10 Reasons to Take a Gap Year

Students often toy with the notion of travelling; the stress and perpetual pressure of looming exams and impossible deadlines make the idea of reclining on a palm-fringed, sandy beach seem like heaven. You just want to escape the reality of impending academic doom and relax on a paradise island. Too many people however, worry about the cost of travel, the impact on their careers and their relationships, and end up ignoring their urge to see the world.

Well here are ten reasons you should make that dream a reality – once you’ve completed your studies, of course.

1)      You Deserve a Break

You have been in the education system for nearly two decades now. It’s time you had a serious break! Your parents might not think so, but they’re too old to remember just how tiring and demanding school or uni work can really be. You should be proud; what better way to treat yourself for all your hard work than with a round-the-world trip?

2)      It’s Perfect Timing

If you’ve just left school or graduated, what are your options aside from travel? More education? Work? You are going to be working until you’re 65 at least, and if the grown-ups are telling the truth, our best days are behind us. Working life is long and hard. There really is no shame in delaying it a year or two. You have the rest of your life to become whatever you want to be; if anything, travel will help you get there faster.

3)      You’re better prepared

At the age of 16, or even 18, the thought of taking a gap year can be pretty daunting. Once you reach your early twenties, however, you are hopefully a little less naive and more prepared to face the world beyond your homeland’s borders. By now your liver is probably used to frequent cascades of alcohol too, which, if you’re hoping to become a traditional backpacker, is probably a good thing.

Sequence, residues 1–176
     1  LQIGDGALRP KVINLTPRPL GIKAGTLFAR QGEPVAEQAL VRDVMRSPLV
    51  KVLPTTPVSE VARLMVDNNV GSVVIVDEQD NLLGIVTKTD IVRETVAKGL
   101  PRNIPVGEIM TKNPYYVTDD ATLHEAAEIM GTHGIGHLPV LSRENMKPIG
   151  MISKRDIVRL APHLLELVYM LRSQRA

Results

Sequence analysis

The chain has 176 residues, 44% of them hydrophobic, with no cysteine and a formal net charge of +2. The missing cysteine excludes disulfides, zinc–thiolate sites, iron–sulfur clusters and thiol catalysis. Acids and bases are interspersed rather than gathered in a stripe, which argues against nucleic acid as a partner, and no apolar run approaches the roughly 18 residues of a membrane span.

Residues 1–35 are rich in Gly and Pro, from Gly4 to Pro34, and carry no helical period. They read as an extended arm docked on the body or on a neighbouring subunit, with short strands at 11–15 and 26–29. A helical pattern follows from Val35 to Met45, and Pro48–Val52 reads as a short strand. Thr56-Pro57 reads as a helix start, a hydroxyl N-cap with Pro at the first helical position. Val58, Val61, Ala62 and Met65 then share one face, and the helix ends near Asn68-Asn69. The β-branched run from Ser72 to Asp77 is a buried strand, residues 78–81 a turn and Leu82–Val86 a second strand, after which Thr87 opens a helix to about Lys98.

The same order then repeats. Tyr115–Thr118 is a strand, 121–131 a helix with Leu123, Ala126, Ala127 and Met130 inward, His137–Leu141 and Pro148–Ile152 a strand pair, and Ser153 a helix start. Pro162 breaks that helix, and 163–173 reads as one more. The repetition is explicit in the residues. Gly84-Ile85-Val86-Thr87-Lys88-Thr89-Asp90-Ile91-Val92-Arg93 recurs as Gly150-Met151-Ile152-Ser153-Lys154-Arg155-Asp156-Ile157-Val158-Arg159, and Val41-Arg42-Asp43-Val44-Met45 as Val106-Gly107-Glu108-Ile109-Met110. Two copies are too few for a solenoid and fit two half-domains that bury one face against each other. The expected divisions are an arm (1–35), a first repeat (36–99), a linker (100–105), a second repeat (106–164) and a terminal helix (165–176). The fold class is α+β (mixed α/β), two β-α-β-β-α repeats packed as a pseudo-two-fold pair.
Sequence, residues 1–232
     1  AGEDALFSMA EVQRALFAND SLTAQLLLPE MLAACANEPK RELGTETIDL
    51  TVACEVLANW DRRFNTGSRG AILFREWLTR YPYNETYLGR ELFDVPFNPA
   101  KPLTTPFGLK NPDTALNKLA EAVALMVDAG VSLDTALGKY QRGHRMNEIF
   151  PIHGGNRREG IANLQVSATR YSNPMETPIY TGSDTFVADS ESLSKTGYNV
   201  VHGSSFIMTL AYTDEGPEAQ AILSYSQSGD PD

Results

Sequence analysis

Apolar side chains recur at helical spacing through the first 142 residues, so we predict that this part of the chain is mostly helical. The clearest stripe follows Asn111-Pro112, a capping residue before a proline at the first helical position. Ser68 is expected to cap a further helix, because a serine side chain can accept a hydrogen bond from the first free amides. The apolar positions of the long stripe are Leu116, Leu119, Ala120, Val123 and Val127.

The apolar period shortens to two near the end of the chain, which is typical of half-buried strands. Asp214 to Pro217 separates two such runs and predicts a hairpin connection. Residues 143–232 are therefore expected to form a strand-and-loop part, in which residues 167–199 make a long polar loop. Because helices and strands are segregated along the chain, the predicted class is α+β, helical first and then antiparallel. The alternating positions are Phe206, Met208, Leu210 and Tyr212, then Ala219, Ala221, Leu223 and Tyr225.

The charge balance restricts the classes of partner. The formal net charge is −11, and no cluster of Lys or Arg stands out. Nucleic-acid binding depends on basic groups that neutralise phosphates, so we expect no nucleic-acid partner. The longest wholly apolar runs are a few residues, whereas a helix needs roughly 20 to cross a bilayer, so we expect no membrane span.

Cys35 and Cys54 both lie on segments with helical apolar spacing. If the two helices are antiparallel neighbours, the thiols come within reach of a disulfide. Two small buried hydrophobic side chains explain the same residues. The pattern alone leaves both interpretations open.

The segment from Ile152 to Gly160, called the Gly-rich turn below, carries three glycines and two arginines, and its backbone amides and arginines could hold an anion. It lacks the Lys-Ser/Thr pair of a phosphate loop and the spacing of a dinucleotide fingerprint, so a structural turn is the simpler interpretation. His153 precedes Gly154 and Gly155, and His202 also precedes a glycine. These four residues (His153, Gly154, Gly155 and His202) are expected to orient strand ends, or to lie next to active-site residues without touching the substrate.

4)      Travel = Life Experience

You just cannot compare the experiences you get from travel with any you will ever have at home. Once you’ve stepped completely outside of your comfort zone, got totally lost on the other side of the world with only your initiative to save you, and eaten a few ‘God knows what’s in that’ foreign dishes, you’ll come back a different person. You’ll be a wise old owl.

5)      It Boosts Your Confidence

Once you’ve circumnavigated the globe, you open the doors to a whole new world of possibility; if you manage to keep yourself alive through that, what else could you embark upon and survive? Lofty dreams suddenly seem possible and your view on life becomes clearer, more positive. The healthy sun-kissed glow helps too.

6)      This Could Be Your Last Chance

It’s true, that once your career kicks off and you’re earning money, it’s unlikely you will be willing to give up the comfort and security of a 9-5 job and regular pay check in exchange for the thrill of the road. Don’t grow old and sensible before your time. Get out there! There’s no time like the present.

7)      You Don’t Know What You Want to Do

No idea what you want to do in life? Don’t fall into a career you’ll regret in twenty years; take the time to decide the path you want to go down, and in the mean time, see a bit of the world. Chances are it’ll inspire you!

8)      Endless Opportunities

You could meet the love of your life on the road, elope to Canada where you become a fisherman, and live happily ever after. You just don’t know what’s out there for you. Yes it’s scary (I’m not a fan of fish), but grabbing the opportunities that raise themselves on your travels could lead you to places you never imagined you’d go.

9)      Be Truly Independent

You call surviving on beans and super noodles at university independence? The absence of mum and dad doesn’t mean much when they’re a short drive away, or when your student loan is sitting in the bank. Working to earn your travel spends, and budgeting when away will make you feel more independent than ever, and the lack of structure (ie, a timetable) when travelling means you are responsible for making the most of your time. The freedom can be exhilarating.

10)   WHY NOT?

Ask yourself this question. If you have truly valid reasons to stay that none of these points can negate, perhaps you need to wait a little longer before you pack your rucksack. If your hesitance boils down to fear, I urge you to ignore it. You really do have nothing to lose, but your inhibitions.

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